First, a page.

Who was better in Game 1: Halladay or Lincecum?

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This may be the first time I’ve ever said “shove your stinkin’ stats! I know what my own eyes tell me!” and wasn’t being snarky. But Dan Rosenheck’s piece in the New York Times concluding that Tim Lincecum’s 14 strikeout performance was better than Roy Halladay’s no-hitter actually has me saying it.

It’s not that I disagree with Rosenheck’s results, as such. He’s not, I don’t believe, making value judgments here. He’s using defense independent pitching analysis. He’s looking at Win Probability Added. The numbers, as far as a luddite like me can tell, add up. I’m not sitting here like some octogenarian newspaper columnist misusing that “lies, damn lies and statistics” quote while shaking my cane.

No, it’s not a case of me — a fellow traveler of many a stat-head — rejecting sabermetric orthodoxy. It’s just
a case of one fan — me — finding his own limit of the utility of statistical
analysis and saying: “Hey Dan: neat article. But it’s totally beside the point.


Sure, I suppose if I wanted to attack Rosenheck’s analysis I could get into the strength of each pitcher’s opponent. Or I could try to break down each pitcher’s command. Or I could actually track batted-balls and find some error in his approach. Or I could question the utility of using DIPS in a single game in the first place.

But I need not take any issue with his analysis to conclude that Halladay was better. I’m
merely sitting here as a baseball fan who watched the entirety of both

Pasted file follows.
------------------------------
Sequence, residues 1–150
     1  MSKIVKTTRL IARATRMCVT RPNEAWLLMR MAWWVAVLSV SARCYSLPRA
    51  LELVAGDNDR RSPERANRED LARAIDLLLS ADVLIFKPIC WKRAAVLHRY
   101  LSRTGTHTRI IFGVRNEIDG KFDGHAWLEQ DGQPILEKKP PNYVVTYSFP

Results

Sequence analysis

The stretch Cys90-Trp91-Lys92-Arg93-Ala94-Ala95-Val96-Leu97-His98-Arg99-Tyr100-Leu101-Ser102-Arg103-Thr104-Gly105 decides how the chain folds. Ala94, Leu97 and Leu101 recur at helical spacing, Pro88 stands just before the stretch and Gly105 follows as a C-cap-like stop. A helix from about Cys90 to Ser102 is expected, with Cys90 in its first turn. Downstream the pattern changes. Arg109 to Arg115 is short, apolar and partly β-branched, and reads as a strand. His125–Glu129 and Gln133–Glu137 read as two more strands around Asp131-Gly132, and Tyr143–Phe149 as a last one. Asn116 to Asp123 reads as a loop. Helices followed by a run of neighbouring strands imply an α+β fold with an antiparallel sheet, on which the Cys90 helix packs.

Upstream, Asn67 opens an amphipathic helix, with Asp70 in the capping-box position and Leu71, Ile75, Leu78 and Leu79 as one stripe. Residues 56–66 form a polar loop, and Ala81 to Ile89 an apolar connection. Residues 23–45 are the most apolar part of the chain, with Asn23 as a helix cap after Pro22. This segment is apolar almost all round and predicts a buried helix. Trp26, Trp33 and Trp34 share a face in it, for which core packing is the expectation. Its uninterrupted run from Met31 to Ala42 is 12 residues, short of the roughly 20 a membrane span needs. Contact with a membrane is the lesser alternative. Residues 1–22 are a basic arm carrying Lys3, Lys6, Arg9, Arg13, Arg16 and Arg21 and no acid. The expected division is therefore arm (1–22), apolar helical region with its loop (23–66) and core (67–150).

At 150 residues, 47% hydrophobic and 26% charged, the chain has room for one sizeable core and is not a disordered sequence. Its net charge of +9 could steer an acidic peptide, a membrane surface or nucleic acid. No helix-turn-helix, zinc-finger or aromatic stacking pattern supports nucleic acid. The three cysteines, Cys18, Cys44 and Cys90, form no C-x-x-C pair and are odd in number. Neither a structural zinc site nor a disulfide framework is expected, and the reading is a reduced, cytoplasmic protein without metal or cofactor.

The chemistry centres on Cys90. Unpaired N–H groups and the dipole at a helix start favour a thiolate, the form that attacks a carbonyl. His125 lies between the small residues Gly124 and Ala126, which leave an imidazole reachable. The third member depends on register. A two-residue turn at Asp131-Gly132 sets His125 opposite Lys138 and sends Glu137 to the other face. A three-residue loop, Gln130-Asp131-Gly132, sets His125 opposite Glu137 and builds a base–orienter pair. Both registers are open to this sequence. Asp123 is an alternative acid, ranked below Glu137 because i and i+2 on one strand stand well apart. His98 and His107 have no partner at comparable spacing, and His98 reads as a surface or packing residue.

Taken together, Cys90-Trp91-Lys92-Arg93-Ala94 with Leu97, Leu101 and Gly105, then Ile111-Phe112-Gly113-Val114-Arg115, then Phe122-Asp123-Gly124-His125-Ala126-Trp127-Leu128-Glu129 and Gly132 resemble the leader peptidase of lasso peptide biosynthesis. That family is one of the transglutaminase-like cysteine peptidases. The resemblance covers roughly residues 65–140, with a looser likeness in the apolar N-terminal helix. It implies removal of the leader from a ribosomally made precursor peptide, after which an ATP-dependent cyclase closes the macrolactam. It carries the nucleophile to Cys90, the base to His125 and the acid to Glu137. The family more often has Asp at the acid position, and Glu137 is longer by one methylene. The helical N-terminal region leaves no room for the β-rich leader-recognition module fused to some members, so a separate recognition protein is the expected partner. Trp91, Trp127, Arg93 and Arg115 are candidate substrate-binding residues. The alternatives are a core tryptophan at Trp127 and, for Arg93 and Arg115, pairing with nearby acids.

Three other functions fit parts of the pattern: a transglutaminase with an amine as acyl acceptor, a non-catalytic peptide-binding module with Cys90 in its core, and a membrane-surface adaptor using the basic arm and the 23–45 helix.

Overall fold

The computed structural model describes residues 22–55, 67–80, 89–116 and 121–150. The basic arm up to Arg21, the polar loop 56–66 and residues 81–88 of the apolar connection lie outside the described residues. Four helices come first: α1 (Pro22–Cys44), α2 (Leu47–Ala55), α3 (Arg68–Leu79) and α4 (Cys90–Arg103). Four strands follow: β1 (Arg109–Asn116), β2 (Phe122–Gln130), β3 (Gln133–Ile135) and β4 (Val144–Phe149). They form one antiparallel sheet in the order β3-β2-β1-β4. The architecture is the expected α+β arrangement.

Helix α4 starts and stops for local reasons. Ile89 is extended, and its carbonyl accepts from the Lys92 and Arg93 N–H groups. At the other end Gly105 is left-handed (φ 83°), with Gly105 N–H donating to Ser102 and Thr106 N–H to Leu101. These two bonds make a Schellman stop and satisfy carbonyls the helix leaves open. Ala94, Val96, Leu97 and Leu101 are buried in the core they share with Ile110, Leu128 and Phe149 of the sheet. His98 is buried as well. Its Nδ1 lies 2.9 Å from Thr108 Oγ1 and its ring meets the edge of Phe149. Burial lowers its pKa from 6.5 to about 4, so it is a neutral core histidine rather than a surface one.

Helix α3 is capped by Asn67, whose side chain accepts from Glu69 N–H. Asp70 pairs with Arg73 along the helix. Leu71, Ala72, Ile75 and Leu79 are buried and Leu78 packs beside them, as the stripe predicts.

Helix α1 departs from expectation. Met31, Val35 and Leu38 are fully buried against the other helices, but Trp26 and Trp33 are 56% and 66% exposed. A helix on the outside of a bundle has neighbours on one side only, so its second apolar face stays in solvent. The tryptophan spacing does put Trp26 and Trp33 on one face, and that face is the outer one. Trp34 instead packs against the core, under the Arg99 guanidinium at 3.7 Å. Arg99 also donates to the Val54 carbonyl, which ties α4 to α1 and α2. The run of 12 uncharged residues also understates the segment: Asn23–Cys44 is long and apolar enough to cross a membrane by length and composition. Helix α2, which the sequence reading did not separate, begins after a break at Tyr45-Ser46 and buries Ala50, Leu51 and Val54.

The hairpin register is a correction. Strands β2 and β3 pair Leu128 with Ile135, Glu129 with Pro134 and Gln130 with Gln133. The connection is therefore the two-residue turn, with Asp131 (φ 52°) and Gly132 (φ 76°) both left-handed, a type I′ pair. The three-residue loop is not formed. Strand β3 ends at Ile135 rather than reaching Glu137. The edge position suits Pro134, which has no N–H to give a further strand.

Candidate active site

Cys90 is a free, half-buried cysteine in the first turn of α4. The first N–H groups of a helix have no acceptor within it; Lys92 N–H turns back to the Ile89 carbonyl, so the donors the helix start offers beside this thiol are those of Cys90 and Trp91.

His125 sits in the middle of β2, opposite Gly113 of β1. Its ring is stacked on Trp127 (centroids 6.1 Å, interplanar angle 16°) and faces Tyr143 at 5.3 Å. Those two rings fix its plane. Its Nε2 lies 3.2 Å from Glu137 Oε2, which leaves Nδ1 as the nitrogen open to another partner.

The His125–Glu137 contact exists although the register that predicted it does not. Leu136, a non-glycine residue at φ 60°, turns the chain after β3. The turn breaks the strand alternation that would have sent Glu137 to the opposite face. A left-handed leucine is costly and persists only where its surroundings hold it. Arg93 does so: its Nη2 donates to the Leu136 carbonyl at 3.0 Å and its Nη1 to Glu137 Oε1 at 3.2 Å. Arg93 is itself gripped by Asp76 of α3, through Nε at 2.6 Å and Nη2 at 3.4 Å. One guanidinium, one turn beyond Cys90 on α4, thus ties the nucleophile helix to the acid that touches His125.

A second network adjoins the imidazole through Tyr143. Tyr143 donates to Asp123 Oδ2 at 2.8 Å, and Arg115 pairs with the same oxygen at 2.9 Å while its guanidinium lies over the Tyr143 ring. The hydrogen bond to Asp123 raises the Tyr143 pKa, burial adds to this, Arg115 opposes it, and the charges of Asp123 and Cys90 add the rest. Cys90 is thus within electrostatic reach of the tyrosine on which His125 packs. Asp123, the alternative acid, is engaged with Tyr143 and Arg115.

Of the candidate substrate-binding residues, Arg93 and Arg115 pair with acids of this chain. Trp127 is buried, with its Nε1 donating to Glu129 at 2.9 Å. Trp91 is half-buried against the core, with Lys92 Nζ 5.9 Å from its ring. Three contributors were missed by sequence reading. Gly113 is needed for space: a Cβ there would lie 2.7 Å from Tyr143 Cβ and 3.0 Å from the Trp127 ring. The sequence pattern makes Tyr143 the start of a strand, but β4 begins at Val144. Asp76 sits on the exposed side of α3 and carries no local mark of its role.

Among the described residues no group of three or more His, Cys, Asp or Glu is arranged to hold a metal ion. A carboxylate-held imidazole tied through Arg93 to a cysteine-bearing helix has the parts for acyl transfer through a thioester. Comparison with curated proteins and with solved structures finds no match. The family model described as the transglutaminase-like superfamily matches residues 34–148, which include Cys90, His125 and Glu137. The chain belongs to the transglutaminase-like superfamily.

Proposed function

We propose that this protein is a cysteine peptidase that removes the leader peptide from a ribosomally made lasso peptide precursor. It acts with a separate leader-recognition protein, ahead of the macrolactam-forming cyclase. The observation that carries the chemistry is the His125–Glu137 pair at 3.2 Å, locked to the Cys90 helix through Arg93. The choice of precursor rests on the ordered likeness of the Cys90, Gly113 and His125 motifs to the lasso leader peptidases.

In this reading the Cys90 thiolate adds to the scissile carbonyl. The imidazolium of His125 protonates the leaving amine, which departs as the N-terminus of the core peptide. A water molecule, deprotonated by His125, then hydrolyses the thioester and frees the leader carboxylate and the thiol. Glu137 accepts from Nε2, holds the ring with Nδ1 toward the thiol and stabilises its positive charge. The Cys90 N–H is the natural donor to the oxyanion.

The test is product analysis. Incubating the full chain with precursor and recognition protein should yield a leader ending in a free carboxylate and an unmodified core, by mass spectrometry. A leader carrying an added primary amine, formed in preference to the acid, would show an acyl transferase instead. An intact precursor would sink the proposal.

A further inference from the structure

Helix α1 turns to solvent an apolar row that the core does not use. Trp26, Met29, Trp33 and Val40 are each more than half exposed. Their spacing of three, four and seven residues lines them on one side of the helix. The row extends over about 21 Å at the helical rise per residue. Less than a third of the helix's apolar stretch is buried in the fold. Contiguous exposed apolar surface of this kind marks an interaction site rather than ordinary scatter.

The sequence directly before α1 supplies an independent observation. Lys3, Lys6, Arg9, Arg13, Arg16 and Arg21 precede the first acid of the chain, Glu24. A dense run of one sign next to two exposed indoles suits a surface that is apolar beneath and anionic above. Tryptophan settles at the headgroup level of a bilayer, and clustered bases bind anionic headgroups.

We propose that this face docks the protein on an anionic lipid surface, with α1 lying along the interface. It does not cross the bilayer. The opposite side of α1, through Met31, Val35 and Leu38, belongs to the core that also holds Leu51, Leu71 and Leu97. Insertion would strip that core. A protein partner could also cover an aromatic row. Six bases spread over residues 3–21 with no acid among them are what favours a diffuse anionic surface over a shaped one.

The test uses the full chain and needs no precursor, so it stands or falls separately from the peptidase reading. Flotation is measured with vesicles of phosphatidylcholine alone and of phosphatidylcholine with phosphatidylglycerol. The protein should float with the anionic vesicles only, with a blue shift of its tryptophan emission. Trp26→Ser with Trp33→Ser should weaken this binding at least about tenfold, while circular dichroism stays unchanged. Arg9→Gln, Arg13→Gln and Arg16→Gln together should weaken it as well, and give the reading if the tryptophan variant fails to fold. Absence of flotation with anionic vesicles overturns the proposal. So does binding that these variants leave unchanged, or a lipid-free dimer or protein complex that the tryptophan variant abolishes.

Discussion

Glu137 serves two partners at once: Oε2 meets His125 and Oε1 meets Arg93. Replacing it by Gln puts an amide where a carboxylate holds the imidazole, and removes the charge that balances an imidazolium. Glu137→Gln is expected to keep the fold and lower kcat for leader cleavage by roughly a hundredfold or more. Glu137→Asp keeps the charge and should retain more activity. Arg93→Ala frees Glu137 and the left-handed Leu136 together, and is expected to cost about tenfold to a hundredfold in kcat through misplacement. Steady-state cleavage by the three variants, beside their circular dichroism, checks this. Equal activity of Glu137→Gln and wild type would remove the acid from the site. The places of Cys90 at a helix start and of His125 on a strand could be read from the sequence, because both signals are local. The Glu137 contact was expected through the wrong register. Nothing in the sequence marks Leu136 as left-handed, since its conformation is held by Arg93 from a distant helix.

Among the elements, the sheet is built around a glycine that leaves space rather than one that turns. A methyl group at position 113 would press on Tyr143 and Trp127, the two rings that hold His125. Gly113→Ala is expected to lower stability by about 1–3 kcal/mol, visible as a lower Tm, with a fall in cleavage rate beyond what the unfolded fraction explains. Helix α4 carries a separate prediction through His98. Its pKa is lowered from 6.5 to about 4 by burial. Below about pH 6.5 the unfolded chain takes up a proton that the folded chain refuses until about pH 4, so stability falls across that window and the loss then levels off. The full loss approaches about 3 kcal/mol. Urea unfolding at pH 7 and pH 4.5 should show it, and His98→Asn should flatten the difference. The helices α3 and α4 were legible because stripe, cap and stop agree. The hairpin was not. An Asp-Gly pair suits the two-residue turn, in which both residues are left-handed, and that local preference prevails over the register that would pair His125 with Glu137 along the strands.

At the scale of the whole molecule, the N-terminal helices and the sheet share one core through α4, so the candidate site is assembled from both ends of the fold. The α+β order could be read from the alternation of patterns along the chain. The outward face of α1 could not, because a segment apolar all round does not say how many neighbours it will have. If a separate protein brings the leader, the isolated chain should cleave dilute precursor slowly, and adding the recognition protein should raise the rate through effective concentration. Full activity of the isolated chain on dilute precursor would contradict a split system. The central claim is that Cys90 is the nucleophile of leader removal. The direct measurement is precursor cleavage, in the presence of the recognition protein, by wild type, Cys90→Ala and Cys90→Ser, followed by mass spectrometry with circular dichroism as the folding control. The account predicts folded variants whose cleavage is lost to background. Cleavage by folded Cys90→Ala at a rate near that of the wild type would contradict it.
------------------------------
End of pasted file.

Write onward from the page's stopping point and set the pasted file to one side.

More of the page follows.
performances. I’m merely declaring — gleefully — that Doc was better than Timmy, no question about it, bub, and don’t you dare try to tell me any differently.

I usually cringe when someone tells me that statistical analysis has its limits and that looking at things from beneath a green eye-shade is an awful way to try and understand the game. But in this one instance, yeah, my inner-Joe Morgan is coming out.

Aaron Judge’s record strikeout streak ends at 37 games

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For the first time in a month and a half, Aaron Judge went an entire game without striking out, ending his record streak at 37 games. Judge had an RBI single and three walks in Tuesday night’s 13-4 victory over the Tigers.

Judge went 1-for-4 with a solo home run and zero strikeouts in a 9-4 loss to the Brewers on July 7. Between July 8 and August 20, Judge would strike out in all 37 games, breaking the record previously held by Adam Dunn, who struck out in the first 32 games of the 2012 season. If one counted streaks extending into multiple seasons, Dunn held the record at 36 games as he struck out in his final four games in 2011 as well.

After Tuesday’s performance, Judge is now hitting .284/.417/.594 with 37 home runs, 81 RBI, and 93 runs scored in 525 plate appearances on the season. He’s had a particularly rough second half, as he entered Tuesday with a .684 OPS since the All-Star break, a far cry from his 1.139 OPS before the break.

Video: Adrian Gonzalez doubles for his 2,000th career hit

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Dodgers first baseman Adrian Gonzalez was able to get a ground ball past Pirates first baseman Josh Bell for a double leading off the top of the sixth inning of Tuesday night’s game. He would come around to score later in the inning on a Corey Seager single, breaking a 1-1 tie.

The double gave Gonzalez 2,000 hits for his career. He is the 282nd player in baseball history and the 11th active player to reach 2,000 career hits. Gonzalez also has 300 home runs, making him one of 94 players with at least 300 dingers and 2,000 hits.

Gonzalez, who was recently activated from the disabled list, entered Tuesday’s action hitting .247/.295/.330 with one home run and 25 RBI in 201 plate appearances on the season.